Mental health services may not be the first thing to come to mind when people think about the healthcare industry, but they absolutely play a crucial role in the mental and emotional well-being of public health. Without access to it, many individuals struggle to maintain a sound mental state or overcome psychiatric problems. Unfortunately, this situation has played out for many people during the Covid-19 pandemic, as there aren’t enough healthcare employees around to offer them the care they need.
According to the ECRI, a patient safety organization, the problem that harms the well-being of patients the most is staff shortages in the healthcare industry. The lack of professionals in the field is so damaging that it’s placed above problems that you might think are more serious, like the Coronavirus pandemic itself. A number of positions across the board are in need of assistance, particularly residential behavioral health facilities, but it’s been documented that registered nurses, licensed practical nurses, entry-level security aides, and even psychiatric tech positions are experiencing high vacancy percentages.
You’re probably wondering why mental health staffing shortages have grown to be such a problem in the first place. And what’s made the issue so threatening to the well-being of patient safety? As one might expect, there are many factors at play causing this serious issue. To learn more, here’s an overview of why staffing shortages at mental health centers have happened and how they’re negatively influencing patient care.
Why Are Mental Health Staffing Shortages Happening?
Prior to the pandemic, people had already begun to notice staff shortages in the healthcare industry. Part of the reason is the aging nursing population that was starting to retire after many years of service. The risk of nurse burnout and exhaustion was also present before 2020, but as you can imagine, it grew much worse once the pandemic started.
The fear created by the coronavirus has been a major driving force behind the staff shortages in the healthcare industry. Some hospitals that had a low number of providers have had to ask nurses who had gotten the virus to work, increasing the risk that other employees might catch it too. As such, many nurses have left their old mental health facilities to pursue safer employment options, reducing the amount in the workforce even further.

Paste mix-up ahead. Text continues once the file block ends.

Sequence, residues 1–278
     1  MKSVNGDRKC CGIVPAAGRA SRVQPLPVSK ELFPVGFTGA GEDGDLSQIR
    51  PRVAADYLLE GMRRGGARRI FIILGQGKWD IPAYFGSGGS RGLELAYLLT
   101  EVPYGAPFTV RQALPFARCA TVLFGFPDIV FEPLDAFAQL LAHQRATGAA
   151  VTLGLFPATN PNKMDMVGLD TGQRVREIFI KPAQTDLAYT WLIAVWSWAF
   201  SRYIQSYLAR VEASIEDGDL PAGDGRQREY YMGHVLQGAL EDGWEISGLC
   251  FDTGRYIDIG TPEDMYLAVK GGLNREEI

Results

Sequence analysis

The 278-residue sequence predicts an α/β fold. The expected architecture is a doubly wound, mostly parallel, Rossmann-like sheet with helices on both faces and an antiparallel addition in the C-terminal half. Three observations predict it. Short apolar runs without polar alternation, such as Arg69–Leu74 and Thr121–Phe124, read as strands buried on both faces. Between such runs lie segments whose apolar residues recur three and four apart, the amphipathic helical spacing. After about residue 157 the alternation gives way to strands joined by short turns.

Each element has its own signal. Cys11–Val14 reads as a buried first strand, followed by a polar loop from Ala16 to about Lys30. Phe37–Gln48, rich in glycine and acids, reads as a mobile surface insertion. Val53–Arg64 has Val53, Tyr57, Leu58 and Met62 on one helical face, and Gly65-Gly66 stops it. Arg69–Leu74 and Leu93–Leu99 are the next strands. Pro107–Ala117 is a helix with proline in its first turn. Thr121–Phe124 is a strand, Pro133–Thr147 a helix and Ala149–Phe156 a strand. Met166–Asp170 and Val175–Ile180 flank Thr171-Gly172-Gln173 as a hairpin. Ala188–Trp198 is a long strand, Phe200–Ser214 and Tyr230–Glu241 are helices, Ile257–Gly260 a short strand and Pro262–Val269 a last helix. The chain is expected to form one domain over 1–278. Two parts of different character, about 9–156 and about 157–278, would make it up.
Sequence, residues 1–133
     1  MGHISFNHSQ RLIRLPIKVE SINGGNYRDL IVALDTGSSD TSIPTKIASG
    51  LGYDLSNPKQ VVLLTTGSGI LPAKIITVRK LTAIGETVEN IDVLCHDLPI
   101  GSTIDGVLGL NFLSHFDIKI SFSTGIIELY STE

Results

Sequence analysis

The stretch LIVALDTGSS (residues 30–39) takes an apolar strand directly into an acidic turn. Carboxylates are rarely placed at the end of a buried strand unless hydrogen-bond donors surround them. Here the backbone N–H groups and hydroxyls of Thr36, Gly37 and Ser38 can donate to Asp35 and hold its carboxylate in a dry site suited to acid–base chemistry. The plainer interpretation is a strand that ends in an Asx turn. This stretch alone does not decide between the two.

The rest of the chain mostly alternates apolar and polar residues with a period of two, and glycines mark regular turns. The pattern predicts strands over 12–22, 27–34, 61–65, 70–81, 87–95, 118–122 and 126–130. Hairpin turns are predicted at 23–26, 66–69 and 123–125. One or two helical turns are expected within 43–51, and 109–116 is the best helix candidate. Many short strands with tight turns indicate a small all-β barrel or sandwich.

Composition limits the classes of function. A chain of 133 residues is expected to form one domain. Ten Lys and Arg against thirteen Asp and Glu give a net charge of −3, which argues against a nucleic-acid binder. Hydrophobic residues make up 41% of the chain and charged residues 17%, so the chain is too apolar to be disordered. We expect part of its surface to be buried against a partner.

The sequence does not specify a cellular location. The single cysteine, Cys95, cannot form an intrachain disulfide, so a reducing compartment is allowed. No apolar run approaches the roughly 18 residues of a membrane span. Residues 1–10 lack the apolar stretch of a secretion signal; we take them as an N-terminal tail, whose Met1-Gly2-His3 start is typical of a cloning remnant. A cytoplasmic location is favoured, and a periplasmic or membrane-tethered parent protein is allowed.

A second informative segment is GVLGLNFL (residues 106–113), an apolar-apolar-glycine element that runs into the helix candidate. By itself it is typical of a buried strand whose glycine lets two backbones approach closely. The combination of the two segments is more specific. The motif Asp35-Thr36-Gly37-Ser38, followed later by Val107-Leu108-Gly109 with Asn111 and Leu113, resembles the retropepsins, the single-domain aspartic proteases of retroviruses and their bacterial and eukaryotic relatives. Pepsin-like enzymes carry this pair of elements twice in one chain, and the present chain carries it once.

Another reason why mental health staffing shortages exist is the low pay offered by the role. State-run hospitals don’t always offer a sufficient salary for the position, despite how important it is, leading some nurses to leave for higher-paying jobs elsewhere.
Fewer Healthcare Employees, Fewer Patients
Because of these understaffed conditions, there aren’t enough nurses to care for the large number of mental health patients that exist. As expected, this has led to a drastically reduced capacity for patients that have made some hospitals turn down admissions altogether. Even if a prospective patient is accepted, they may not receive care immediately. In many cases, they’ll be added to an ever-growing waitlist that could last for several months at a time.
While this capacity problem has existed for years, it escalated into a crisis during the pandemic. In one state, as low as 10% of the hospital beds in the facility were occupied because there weren’t enough employees. Individuals who have the ability to pay for the services of a private facility also have experienced delays in available treatments. Additionally, people living in jails aren’t receiving the mental health care they need either. Staffing shortages across the board have created a situation where everyone’s access to mental health care has been significantly reduced.
Staff Shortages Are Lowering the Quality of Patient Care
Patients who are fortunate enough to be admitted into mental health facilities experience the consequences of staffing shortages as well. Overworked nurses are tasked with handling more patients than they can handle at once, meaning they can only devote a small amount of time to each one. Because of this scenario, they focus primarily on the minimum level of care, such as providing their medication, causing patients to receive less treatment overall.
Easing the Burden of Mental Health Staffing Shortages
One way of lessening the strain nurses feel from overworked conditions is by making healthcare facility operations easier. How is this possible? Well, one way is by installing technology and software that help with making internal administrative processes more efficient.
At MedTrainer, we offer a convenient cloud-based program for healthcare organizations to take advantage of, such as incident reporting software and other services. For more information on our healthcare compliance company services, don’t hesitate to call us today. Together, MedTrainer and your staff can make a difference in improving mental health care for those that need it the most.